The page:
Entrepreneurship is the foundation for small scale enterprises. Small scale enterprises are the key for economic growth and development. They constitute the bedrock of many economies by providing the impetus for employment creation and value added activities.
In Nigeria, small scale enterprises play crucial roles in economic growth and development process. For instance, they are responsible for the establishment of a robust industrial sector by stimulating indigenous entrepreneurship and technology. They represent an essential link between primary production and large scale industrialization. Besides, they have enormous opportunities for growth due to their nature. But the worst hit is that most of them exist in rural areas. As such, they face a myraid of problems that limit their positive contribution to the economy, Summarily as Financial constraint, Poor infrastructure, poor management etc. But their major challenge is financial constraint.
To solve their problem of financial constraint, government over the years has put in place a number of economic schemes, programmes and policies. One of them is the rural banking programme (RBP) which was introduced in 1977. Under the progamme, banks were mandated to open a number of rural branches and bring banking services nearer to the rural dwellers. It was hoped that banking habits would be imbibed by the people and savings would also be mobilized. But this scheme was not successful because, it turned out to be costly and unprofitable for commercial banks.
Apart from the rural banking progamme , some development finance institutions were established by government to support and promote SSEs such as Nigeria Agricultural and Cooperative Bank(NACB), the People’s Bank of Nigeria, the Community Banks, Bank of industry (BOI), the Nigeria Export Import Bank (NEXIM) and the Nigeria Agricultural Cooperative and Rural Development Bank(NACRDB). In addition to these includes: The Agricultural Credit Guarantee Scheme (ACGS), Agricultural Credit Support Scheme (ACSS) and Small and Medium Enterprises Equity Investment Scheme (SMEEIS). Also some specialized poverty alleviation agencies were equally set up by government to ameliorate the problem and promote SSEs, such as the Small and Medium Enterprises Development Agency of Nigeria (SMEDAN), National Directorate of Employment (NDE) and National Poverty Eradicate Programme (NAPEP). All these institutions did not meet the expectations owing to lack of adequate government commitment and poor management.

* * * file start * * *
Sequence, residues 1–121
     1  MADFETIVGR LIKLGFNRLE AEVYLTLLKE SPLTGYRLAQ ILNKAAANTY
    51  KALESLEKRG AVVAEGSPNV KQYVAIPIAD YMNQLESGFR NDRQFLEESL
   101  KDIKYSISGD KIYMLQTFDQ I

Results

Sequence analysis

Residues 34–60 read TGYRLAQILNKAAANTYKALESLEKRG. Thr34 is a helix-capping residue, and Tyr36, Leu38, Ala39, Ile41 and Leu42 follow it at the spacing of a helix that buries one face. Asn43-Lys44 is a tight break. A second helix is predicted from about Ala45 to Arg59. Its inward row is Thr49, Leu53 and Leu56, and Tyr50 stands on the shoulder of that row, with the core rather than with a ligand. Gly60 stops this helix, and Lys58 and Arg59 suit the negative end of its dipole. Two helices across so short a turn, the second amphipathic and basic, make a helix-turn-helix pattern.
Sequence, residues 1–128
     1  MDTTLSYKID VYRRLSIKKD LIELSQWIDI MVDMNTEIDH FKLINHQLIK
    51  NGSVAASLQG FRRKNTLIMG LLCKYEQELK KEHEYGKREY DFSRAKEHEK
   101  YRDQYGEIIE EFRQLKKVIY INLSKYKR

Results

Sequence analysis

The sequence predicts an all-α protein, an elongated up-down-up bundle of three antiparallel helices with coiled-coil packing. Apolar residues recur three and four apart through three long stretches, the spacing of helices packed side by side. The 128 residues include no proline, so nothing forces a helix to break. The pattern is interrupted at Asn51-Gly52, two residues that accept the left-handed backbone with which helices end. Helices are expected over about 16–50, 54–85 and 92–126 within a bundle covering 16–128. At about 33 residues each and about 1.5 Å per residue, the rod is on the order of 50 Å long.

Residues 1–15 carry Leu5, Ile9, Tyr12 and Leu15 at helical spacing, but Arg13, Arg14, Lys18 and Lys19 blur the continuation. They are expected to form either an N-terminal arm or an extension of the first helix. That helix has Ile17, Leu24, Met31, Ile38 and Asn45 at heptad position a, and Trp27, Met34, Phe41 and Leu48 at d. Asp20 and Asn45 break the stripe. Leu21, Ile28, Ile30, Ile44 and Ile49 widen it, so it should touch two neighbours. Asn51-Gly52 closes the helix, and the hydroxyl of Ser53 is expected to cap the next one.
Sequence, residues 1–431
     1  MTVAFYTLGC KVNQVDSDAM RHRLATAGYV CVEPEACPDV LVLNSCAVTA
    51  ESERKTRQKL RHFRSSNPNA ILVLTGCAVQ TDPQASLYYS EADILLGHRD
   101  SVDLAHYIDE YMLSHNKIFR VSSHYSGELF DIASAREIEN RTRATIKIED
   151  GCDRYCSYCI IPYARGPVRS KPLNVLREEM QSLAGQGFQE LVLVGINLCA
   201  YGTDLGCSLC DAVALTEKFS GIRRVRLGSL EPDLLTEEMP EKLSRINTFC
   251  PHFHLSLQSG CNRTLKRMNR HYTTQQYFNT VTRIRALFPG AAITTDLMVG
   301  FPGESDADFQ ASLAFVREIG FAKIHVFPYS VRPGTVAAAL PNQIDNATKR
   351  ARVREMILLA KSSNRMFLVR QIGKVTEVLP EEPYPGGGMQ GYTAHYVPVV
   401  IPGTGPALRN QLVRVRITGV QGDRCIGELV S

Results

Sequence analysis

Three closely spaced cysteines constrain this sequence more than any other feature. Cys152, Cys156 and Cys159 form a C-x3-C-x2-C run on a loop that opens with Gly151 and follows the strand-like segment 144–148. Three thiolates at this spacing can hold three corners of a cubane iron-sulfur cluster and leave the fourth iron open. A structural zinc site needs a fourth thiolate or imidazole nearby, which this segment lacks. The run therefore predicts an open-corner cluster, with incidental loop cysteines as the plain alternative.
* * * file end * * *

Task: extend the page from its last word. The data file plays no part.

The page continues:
Consequently, in December 2005, the microfinance policy, regulatory and supervisory framework for Nigeria was launched. The aim was to provide an appropriate menu of financial services by diverse institutions to meet the need of the poor and low income groups. The policy provides for participation of the deposit money banks, non-governmental organizations, newly licensed microfinance banks in microfinance provision.
Despite these attempts, the small scale entrepreneurs are yet to achieve their optimal potential in the economic equation of the nation. However, the trust of this study is to examine the impact of MFBs in provision of short -term loans to SSBs. Besides, the rate at which MFBs finance SSBs, the types of credit facilities available to SSBs, the maturity structure of such credit facilities, the repayment schedule of such credit facilities, the collateral policies of such credit facilities and the general efficiency level of MFBS in financing SSBs, using Chidera MFB as a case study.
1.1 BACK GROUND OF THE STUDY
In economics, it is usually said that our wants are unlimited but the resources to satisfy them are limited. Even in business, expectations are often high but finance is always scarce or limited to meet them. This shows that paucity of fund is a hard-nut-to crack for every organisation be it profit or non-profit making organisation.
Nigeria’s future rests on its ability to train and fund local entrepreneurs that can nature home-grown firms and encourage innovation, risk taking and local investment. But the under development nature of the SSE sector of the Nigerian economy needs urgent step to put it in good order with the micro finance funding of the SSEs, just as instructed by the CBN. However, one question which still yearns for an answer is how the microfinance banks are performing this duty of financing the SSBs in Nigeria. Hopefully, this will be established and proved beyond every reasonable doubt with clear facts and figures as we progress in this work.